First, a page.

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WHAT WORKS IN EDUCATION The George Lucas Educational Foundation

Fact, Feeling, and Argument: Helping Students Tell the Difference

Fact, Feeling, and Argument: Helping Students Tell the Difference

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High School Students Talking in a Circle

In the United States, you have to be living under a rock not to have seen the historic ruling about what we now call marriage. In Obergefell v. Rodgers, a 5-4 Supreme Court stated that under the Equal Protection Clause of the 14th amendment, states are required to allow persons of the same sex to marry. Social media exploded with rainbows, pride, marriage pictures and even some condemnation.

As both a lawyer and a teacher, I grappled with a nuance: how do we teach our children debate in the midst of an ever-changing climate? How do we, as teachers, use cutting edge decisions to hone rhetoric skills? Although this discussion could take many turns, I would like to offer a few ways to encourage mindful classroom debate while introducing issues of the day.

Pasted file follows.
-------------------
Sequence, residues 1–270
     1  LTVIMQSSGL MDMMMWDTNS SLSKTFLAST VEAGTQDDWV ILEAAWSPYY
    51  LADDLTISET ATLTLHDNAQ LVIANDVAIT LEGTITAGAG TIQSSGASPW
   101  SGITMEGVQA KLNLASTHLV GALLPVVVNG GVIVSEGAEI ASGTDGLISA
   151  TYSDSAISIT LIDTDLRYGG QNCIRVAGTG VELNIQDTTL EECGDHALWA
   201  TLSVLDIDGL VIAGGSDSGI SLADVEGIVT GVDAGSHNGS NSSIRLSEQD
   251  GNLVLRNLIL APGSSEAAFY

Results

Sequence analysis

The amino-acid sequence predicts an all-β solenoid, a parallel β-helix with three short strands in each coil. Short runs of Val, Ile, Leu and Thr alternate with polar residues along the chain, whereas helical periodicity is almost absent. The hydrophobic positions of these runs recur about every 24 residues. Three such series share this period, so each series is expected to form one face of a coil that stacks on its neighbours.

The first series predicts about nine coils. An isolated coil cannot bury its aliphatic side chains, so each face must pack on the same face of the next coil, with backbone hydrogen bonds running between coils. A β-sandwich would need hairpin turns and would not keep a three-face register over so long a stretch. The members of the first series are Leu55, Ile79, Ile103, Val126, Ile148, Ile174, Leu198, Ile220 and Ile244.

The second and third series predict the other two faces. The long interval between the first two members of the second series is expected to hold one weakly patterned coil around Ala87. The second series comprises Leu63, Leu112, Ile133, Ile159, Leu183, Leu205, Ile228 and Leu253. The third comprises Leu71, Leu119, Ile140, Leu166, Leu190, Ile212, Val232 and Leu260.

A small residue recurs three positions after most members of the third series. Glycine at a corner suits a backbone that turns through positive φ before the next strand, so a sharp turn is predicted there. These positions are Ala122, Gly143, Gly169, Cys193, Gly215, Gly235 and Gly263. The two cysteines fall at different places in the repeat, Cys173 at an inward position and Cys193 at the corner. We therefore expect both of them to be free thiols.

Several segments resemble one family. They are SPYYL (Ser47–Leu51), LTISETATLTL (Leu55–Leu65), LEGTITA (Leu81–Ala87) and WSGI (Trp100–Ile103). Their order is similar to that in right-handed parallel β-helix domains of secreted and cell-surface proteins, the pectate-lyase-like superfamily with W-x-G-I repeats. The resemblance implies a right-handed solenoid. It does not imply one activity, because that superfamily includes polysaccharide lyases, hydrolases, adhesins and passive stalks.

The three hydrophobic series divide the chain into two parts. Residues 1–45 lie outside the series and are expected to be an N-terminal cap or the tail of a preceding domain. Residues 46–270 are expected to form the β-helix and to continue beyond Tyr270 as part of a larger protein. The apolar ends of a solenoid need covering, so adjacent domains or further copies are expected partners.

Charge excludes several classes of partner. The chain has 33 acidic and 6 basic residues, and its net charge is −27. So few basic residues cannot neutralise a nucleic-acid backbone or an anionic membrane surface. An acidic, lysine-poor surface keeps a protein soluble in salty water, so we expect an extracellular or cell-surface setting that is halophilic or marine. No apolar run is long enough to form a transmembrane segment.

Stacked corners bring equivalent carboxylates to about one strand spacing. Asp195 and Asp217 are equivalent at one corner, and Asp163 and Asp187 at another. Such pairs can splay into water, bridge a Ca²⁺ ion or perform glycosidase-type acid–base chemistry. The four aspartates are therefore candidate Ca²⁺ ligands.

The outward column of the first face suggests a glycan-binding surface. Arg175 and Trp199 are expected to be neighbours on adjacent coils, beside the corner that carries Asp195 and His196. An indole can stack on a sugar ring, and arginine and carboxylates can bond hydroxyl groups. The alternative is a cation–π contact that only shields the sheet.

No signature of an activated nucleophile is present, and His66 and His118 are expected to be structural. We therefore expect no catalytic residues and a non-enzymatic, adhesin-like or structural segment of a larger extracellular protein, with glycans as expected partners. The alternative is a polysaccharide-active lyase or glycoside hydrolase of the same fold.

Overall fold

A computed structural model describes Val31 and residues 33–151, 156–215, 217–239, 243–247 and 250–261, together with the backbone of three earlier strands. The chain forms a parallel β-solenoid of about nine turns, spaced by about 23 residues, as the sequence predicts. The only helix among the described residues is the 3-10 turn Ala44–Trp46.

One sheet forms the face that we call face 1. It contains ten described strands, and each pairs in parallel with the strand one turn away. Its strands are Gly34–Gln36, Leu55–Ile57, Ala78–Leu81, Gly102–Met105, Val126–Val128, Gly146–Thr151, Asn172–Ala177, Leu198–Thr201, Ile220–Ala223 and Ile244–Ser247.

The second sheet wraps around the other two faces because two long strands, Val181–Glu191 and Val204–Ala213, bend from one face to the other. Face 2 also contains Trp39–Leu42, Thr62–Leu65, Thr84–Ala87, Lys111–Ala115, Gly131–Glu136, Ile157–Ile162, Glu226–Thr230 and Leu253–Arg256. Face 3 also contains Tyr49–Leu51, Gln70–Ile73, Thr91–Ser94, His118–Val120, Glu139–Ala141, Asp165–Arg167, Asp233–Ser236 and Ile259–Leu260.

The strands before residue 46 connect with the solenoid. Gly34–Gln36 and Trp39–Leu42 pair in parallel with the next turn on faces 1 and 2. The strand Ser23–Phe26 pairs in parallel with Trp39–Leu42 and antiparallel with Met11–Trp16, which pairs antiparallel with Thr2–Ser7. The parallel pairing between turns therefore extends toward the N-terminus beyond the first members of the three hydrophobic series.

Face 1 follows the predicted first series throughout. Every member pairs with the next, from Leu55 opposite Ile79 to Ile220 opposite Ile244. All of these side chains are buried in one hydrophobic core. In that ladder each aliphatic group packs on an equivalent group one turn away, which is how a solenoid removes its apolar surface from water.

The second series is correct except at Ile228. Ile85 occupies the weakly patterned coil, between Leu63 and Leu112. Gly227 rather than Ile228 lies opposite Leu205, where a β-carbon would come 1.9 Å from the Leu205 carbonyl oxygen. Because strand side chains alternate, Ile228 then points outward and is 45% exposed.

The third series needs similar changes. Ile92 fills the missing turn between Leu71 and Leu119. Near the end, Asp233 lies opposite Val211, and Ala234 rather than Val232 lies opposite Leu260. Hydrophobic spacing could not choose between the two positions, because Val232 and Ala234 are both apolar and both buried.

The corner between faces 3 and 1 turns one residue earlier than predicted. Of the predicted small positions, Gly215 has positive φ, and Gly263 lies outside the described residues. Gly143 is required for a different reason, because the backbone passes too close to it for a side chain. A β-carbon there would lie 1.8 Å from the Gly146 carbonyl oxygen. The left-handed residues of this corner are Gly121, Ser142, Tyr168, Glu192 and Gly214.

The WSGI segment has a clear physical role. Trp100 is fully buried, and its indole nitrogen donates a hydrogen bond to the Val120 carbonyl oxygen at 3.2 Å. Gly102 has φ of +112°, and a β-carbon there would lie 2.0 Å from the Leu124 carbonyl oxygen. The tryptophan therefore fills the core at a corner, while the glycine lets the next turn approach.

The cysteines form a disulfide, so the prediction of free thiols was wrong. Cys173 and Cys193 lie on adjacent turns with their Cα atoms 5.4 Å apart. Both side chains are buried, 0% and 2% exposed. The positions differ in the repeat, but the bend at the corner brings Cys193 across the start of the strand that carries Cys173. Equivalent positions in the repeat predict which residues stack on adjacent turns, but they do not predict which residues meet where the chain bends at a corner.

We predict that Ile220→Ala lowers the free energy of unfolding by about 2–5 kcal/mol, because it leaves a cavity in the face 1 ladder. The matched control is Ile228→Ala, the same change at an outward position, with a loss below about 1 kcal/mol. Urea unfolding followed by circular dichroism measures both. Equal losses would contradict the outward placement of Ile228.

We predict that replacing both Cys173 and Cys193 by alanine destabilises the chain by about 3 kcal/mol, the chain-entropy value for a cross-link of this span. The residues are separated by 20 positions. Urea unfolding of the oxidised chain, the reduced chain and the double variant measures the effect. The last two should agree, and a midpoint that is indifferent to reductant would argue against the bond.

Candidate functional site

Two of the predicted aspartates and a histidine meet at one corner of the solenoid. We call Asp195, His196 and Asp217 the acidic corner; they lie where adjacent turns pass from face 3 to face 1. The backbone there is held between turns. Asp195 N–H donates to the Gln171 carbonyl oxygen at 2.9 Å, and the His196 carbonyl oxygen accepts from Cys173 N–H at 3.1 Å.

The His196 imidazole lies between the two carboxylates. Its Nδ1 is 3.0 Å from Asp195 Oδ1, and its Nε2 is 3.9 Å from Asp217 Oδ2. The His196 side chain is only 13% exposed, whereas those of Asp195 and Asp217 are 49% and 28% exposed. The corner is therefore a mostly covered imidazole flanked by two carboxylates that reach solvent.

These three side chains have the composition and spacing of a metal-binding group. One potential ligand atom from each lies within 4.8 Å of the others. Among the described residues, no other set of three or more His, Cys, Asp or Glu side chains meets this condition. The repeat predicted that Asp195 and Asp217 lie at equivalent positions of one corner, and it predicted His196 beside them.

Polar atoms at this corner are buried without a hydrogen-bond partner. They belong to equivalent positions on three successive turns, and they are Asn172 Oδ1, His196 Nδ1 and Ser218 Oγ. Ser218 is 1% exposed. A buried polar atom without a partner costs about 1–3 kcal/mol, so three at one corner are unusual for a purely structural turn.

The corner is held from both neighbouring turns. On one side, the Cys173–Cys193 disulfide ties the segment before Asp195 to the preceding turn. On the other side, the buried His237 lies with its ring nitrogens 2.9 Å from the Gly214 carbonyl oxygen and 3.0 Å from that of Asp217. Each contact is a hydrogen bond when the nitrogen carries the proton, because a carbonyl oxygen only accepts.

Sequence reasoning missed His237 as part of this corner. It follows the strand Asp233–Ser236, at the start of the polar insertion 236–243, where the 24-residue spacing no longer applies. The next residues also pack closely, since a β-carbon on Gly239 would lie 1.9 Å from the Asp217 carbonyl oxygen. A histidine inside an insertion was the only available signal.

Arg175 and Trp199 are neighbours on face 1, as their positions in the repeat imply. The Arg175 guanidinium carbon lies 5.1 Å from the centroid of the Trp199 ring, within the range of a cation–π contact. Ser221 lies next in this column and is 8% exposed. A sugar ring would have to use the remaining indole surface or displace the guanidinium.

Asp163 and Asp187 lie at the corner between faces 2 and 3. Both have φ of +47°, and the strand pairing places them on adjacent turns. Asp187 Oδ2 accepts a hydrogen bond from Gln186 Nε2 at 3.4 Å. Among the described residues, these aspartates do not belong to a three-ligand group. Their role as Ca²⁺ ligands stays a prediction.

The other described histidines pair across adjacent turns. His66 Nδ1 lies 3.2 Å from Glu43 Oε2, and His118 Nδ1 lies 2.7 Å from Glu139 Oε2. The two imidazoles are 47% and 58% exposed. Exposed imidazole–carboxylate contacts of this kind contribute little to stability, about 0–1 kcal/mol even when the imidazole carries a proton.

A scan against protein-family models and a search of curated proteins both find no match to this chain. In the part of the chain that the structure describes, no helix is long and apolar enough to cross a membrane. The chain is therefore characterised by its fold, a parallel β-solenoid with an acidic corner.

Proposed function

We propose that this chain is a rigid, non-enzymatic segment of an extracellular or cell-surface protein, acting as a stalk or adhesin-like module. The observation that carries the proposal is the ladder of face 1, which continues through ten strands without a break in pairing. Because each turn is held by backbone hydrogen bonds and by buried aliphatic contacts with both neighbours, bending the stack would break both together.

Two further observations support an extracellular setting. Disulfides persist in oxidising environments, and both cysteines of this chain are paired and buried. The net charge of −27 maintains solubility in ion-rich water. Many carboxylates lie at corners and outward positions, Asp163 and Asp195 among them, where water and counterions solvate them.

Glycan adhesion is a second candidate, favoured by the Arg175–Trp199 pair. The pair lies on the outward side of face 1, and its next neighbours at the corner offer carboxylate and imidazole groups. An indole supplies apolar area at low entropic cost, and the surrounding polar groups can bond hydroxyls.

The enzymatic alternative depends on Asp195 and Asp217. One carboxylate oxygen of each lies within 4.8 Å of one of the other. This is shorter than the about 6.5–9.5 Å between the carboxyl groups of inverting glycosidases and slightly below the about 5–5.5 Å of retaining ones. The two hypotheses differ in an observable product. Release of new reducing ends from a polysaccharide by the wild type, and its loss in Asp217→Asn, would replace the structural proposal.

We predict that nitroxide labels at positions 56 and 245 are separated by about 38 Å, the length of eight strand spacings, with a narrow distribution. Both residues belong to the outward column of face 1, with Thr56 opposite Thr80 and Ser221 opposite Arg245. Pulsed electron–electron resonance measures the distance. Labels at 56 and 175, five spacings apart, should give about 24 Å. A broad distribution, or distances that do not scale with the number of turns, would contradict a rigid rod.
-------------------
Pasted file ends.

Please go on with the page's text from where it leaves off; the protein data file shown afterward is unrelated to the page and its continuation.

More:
1. Don’t Ignore the Issues

I have found, through studying, observing and teaching in many classrooms, that teachers choose to ignore issues of the present day. When I was in my last year of high school, there was a very famous presidential election and an equally famous court case to resolve the outcome, Bush v. Gore. What complicated the matters even more in the eyes of ths particular student population was that George Bush had attended my high school.

What struck me about some of my magnificent teachers and was emblazoned in my mind what kind of teacher I wanted to be was their mastery of allowing and encouraging civic dialogue without being pedantic or one-sided. I was also able to learn about issues of law and politics at an early age which shaped my desire to both teach and advocate.

2. Establish Rules

I advocate for establishing student-created classroom rules, especially as it pertains to argument and teaching. When you are creating your normative and expectation document, ask your students how they want to discuss the issues of the day? How do they want to be heard and how do they want to learn possibly new activity? What sources do you like for grappling with issues that are on the cutting edge of our consciousness?

3. Require Evidence